Ironman nutrition: plan for success and nail the fuelling

Make it memorable for the right reasons with our advice for the bike and run legs


Going long this year? Make your Ironman memorable for the right reasons with these tips on how to organise your nutrition on the bike and run legs of a long-distance triathlon.


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Bike leg

Aim for 200-600 calories per hour on the bike (says coach Mark Kleanthous). If you have any special preferences/dietary requirements keep extra food in your transition bags.

Throughout the bike ride aim for 1,000mg of sodium per hour. You need to adapt your race-day strategy to the climate/conditions and what works best for you at Ironman race pace.

Mentally divide the 112-mile bike ride into 3 x 30-mile segments and the final 22-mile section then follow this strategy:

0-30 miles

Drink only water for the first 15-20mins after beginning the bike section, then consume calories every 15-20mins. This first segment is about fuelling up again after the swim and preparing for the miles ahead. This should be the easiest section of the race.

30-60 miles

In this segment focus on consistent calories and hydration. During the tougher terrain focus on consuming liquid calories and then switch to solids for the easier parts.

60-90 miles

If you’ve fuelled well you shouldn’t feel weak or tired. If you do then slow down and consume more. If you’re feeling energised and strong, still hold back until the final 22 miles. During this segment you will need to urinate. If you don’t need to then you’re dehydrated and need to drink more.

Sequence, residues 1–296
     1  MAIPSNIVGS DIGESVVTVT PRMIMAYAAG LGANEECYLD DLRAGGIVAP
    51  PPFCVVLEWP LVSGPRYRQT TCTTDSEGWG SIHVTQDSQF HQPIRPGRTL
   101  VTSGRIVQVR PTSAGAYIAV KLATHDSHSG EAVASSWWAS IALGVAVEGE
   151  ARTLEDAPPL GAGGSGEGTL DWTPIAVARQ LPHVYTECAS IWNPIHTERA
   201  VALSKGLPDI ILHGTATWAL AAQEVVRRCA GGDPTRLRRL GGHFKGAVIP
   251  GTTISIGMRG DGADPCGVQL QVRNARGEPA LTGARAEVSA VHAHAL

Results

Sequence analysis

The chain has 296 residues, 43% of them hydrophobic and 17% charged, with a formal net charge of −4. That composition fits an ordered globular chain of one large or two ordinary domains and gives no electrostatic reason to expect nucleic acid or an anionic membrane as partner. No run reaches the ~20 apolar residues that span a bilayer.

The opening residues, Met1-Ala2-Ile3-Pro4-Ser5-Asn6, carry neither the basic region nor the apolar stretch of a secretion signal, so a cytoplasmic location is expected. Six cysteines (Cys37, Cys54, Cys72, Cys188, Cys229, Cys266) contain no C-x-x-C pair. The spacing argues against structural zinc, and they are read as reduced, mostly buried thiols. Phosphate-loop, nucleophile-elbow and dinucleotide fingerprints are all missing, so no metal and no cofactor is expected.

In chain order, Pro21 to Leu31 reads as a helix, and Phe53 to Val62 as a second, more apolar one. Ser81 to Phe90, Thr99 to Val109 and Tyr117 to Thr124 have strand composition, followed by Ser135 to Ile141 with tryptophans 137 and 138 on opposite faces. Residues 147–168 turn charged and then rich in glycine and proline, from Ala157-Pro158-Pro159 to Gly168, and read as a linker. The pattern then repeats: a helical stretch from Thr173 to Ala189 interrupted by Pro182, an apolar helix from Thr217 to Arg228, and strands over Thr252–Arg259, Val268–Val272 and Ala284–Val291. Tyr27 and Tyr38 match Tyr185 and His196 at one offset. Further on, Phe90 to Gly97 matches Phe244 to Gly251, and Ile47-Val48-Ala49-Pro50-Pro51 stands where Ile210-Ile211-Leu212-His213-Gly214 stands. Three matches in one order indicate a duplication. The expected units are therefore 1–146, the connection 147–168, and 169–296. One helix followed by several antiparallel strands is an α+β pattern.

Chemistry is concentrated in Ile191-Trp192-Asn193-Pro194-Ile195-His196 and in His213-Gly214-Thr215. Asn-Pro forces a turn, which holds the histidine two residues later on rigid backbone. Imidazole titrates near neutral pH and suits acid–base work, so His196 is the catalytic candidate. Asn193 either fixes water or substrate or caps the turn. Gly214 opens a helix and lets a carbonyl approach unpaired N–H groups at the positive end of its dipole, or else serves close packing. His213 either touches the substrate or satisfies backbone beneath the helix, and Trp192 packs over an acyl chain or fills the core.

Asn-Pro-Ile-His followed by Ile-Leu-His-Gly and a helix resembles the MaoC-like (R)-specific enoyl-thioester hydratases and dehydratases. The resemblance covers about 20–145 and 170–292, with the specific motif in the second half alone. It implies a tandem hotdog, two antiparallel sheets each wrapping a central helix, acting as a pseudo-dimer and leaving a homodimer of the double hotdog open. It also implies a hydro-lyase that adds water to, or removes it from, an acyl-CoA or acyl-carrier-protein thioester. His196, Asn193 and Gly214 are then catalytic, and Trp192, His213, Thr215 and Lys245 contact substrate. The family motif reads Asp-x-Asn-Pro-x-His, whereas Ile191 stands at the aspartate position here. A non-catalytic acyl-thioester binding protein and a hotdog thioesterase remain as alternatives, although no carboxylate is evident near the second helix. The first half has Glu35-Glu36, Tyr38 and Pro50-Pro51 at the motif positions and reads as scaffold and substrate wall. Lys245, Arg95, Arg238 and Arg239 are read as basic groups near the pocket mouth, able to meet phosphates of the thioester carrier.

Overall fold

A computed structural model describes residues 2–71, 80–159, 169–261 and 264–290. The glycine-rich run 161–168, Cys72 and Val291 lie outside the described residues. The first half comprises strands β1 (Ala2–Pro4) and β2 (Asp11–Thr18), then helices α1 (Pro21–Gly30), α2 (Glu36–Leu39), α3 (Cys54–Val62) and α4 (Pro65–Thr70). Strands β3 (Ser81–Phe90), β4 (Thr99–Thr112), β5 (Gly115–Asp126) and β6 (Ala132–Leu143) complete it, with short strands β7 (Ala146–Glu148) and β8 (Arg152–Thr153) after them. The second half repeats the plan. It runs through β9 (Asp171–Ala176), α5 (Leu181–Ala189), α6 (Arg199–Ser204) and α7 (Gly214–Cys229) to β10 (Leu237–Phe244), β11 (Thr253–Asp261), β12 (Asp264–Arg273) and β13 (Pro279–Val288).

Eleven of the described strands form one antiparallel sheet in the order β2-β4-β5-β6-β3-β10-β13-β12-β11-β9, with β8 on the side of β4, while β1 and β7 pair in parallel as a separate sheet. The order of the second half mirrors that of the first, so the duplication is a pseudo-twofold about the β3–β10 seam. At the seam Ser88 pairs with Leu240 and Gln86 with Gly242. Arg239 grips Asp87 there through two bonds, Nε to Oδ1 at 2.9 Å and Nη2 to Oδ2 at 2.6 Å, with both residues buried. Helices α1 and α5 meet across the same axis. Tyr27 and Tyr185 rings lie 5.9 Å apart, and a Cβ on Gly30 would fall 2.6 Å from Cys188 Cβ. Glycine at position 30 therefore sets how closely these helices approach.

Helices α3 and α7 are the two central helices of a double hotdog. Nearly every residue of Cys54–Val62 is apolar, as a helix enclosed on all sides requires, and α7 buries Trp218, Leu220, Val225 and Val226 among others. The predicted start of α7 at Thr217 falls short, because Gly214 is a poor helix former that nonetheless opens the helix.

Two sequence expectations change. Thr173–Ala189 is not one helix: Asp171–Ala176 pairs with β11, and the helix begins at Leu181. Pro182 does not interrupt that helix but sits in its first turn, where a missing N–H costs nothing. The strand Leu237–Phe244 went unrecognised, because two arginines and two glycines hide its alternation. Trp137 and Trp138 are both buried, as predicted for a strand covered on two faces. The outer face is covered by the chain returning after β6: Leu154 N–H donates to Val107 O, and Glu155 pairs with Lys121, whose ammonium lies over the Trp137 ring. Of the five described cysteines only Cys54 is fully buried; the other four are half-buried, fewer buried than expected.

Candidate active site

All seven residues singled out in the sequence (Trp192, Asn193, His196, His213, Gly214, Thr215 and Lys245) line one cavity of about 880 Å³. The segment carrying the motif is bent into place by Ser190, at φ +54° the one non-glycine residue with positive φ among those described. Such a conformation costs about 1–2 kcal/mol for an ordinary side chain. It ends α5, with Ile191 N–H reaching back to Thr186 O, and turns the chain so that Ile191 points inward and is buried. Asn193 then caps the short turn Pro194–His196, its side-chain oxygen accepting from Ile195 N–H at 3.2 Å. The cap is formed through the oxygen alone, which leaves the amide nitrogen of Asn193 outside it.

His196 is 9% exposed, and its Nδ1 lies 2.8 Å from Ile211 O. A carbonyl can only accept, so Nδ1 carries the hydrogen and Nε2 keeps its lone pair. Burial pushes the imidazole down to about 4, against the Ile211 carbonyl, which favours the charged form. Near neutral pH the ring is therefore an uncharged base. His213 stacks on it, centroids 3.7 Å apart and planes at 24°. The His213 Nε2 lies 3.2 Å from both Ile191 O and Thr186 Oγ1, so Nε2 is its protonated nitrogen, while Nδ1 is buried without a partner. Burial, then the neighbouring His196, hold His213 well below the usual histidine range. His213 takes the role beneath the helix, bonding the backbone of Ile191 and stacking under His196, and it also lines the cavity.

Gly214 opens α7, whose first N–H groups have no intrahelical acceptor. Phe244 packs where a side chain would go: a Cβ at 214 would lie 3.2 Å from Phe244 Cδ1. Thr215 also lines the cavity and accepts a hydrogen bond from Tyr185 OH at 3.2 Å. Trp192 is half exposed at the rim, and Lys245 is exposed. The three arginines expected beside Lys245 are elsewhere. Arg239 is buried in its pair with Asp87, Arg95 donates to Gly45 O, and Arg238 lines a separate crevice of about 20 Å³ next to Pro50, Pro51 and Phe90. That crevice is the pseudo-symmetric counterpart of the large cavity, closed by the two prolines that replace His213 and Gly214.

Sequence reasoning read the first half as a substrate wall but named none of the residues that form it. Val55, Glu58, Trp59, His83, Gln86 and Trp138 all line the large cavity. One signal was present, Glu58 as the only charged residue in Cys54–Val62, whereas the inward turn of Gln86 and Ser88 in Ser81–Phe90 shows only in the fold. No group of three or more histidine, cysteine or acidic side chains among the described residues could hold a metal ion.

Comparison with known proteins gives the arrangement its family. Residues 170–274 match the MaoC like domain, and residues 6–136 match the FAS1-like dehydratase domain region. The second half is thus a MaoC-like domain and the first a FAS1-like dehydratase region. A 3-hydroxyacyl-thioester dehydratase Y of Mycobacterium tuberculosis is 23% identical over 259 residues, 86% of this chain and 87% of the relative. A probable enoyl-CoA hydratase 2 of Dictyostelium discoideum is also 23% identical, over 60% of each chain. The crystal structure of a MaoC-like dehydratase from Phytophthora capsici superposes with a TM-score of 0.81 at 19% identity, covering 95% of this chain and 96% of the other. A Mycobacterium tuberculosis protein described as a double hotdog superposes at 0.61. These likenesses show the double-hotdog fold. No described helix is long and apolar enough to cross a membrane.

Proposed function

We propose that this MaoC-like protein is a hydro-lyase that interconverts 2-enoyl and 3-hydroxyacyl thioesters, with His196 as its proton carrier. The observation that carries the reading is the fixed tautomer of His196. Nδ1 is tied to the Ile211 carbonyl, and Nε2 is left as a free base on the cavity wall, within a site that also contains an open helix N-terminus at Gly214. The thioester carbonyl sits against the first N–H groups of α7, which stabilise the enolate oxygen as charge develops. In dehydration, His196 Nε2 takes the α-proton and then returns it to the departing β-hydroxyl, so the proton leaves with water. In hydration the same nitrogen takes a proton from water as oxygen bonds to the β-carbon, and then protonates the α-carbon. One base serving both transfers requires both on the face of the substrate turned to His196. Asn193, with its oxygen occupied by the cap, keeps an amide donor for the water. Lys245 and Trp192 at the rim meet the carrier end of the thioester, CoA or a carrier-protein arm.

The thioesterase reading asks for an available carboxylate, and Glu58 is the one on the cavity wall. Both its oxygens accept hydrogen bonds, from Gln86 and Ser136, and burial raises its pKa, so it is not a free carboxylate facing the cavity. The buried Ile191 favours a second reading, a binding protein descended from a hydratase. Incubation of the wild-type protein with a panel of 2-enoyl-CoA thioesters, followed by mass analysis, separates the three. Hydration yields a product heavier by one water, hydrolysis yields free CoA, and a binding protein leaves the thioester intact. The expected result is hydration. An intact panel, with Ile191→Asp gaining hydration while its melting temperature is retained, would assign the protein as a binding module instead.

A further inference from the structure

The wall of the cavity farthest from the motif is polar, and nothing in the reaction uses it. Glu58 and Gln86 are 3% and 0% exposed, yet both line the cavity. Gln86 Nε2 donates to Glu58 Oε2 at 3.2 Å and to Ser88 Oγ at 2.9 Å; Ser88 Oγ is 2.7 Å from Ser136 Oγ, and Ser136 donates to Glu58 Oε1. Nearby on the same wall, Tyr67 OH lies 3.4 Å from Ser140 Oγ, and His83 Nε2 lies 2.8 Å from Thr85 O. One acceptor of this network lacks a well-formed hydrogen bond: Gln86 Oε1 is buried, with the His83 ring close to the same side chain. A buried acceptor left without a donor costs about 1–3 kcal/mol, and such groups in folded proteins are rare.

90-112 miles

If you’re having mood swings this is likely a sign you’re running low on calories. If you don’t feel like eating ease back and consume more calories. Stick to liquids if you feel tired or weak.

Stay focused as it’s easy to forget your nutrition at this stage. Judge the final 22 miles depending on how you feel, and avoid paying too much attention to just heart rate alone as this can be misleading.

Run leg

Fuelling right for the run can sometimes prove quite challenging as you will be trying to manage dwindling carb stores, taste fatigue and what you can stomach (adds Rin Cobb, a clinical and sports performance coach).

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Here are some pointers to help you go the distance:

1. Carbs are your priority. They are your main source of fuel, but as you’ll have been on the go for many hours by this stage your reserves will be low. Aim for up to 60g of carbs per hour, but if using a mixture of glucose and fructose, 90g per hour is optimal. It’s worth practising eating in training to help the gut adapt to this volume, which will also prevent tummy troubles.

2. A steady supply of carbs will also help to keep your blood sugars in check, thus reducing your chances of hitting ‘the wall’. Those that have experienced this won’t forget it in a hurry; prevention is definitely the key.

3. Try experimenting with real food options, as these can actually be cheaper and also meet your needs. Good foods to try are flapjacks, cereal bars, Jaffa Cakes, fruit  (fresh and dried) and that old faithful, Jelly Babies! When perusing the supermarket aisles, look for total carbs per 100g rather than just calorie content, and avoid products that are high in fat and protein.

4. Sports drinks are a great triathlon fuelling option if you’re struggling to eat enough. They help your body absorb fluid better than just water alone, plus the salt encourages you to drink more without overhydrating.

5. You could also try caffeine, which can reduce fatigue towards the end of a race. Timing is important as caffeine can take 45-90mins to take effect; like all aspects of your nutrition strategy, test it in training beforehand.

So in a nutshell: think carbs and practise your nutrition in training to ensure you get the most out of your programme. Bon appetit!


For lots more performance advice head to our Training section